Identifying these relationships is particularly challenging as sanctioned entities and individuals may hide their identities behind multiple-layered ownership structures that try to obfuscate the ultimate beneficial owner.
Watch our video — Ultimate Beneficial Ownership (UBO) and the risk of not knowing
Consequences of non-compliance
Complying with sanctions can be extremely complicated, and in an increasingly interconnected world this exposes organizations to greater risk.
In recent years, there has been a significant rise in the number and severity of penalties. Fines imposed on non-banking institutions by OFAC have varied between 0.72 percent of the US$9 billion in total issued in 2014, to 88.5 percent in 2016 of the total value of fines.
A more detailed view on a year on year basis can be viewed on the infographic below.
Additional potential consequences of sanction breaches include:
- Reputational damage
- Strained commercial relationships with clients and suppliers
- The inability to trade with the United States or transact in U.S. dollars
- Being designated as a Specially Designated National
- Criminal penalties and prison sentences
It should be noted that more companies in total have been the subject of settlements for breaching OFAC sanctions than financial institutions.
How to minimize risk
A robust compliance program is the strongest safeguard against sanctions violations.
Sanctions-setting bodies usually publish target lists so organizations can identify risks and fulfill their legal obligation to report transactions suspected of money laundering or terrorist financing.
However, the level of awareness in terms of sanctions compliance varies between financial institutions, large multinationals and smaller corporates.
While the first two usually have robust sanction compliance programs in place, the level of awareness can be significantly lower with smaller corporates.
As a consequence, they could be exposed to censure and reputational damage if they are associated with a sanctioned entity or individual, even unintentionally.
In particular, their supply chains, business associates, joint ventures, and acquisition targets can present unknown risks.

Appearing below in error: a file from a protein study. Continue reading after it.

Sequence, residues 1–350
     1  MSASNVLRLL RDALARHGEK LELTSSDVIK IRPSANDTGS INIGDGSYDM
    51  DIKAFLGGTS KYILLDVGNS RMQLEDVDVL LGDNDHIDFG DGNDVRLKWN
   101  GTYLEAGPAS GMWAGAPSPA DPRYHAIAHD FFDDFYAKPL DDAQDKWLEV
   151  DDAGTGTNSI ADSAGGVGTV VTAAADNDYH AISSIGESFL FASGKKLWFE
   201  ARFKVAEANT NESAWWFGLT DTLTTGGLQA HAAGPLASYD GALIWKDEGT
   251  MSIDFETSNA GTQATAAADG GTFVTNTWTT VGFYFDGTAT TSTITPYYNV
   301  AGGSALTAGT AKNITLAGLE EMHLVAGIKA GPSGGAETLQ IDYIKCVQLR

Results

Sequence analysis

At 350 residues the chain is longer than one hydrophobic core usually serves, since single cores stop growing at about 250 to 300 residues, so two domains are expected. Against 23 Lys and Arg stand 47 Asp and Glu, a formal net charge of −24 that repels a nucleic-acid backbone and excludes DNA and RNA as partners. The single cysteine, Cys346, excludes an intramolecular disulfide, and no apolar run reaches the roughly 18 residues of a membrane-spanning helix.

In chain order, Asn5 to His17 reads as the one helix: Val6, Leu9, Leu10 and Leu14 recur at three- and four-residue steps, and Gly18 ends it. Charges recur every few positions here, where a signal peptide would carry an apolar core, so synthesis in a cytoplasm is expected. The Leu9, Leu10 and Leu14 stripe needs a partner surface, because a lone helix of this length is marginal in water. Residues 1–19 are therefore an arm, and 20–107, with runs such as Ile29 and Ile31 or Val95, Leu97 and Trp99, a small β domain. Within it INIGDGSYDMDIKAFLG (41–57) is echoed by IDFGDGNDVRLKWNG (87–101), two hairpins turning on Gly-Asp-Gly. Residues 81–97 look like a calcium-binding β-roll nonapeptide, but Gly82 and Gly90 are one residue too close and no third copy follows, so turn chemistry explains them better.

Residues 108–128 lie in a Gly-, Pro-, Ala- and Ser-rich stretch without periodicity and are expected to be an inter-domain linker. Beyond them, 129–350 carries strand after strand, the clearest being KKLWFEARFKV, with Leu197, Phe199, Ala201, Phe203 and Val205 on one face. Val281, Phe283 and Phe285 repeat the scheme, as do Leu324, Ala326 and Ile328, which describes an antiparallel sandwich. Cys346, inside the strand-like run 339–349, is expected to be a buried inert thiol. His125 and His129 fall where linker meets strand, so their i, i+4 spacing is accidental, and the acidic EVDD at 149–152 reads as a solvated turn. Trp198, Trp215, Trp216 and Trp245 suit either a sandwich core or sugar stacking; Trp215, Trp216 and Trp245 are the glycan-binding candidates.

For smaller organizations, this puts an added burden on often over-stretched resources. Partnering with a trusted provider of risk solutions help to ease this burden, allowing the organization to focus on business priorities.
Keeping on top of sanction updates
Technology plays a significant role in minimizing risk, as sanction lists can vary between issuing bodies and countries in terms of content and format. There can also be variations in spelling and inaccurate transliterations of foreign names.
The frequency of monthly updates from sanctioning bodies often numbers in the hundreds, with multiple additions and changes making it an onerous task keeping on top of sanctions.
The need for corporates to ensure they have the most up-to-date and correct information is essential.
Our global sanctions team operates across time-zones, with more than 450 analysts working in more than 65 languages in order to connect the networks associated to these sanctioned entities, as well as to provide up-to-date sanctions information in a timely fashion.
Thomson Reuters provides the intelligence, technology and human expertise needed to help organizations mitigate the risk of doing business with sanctioned and associated entities in their customer and third party risk compliance programs.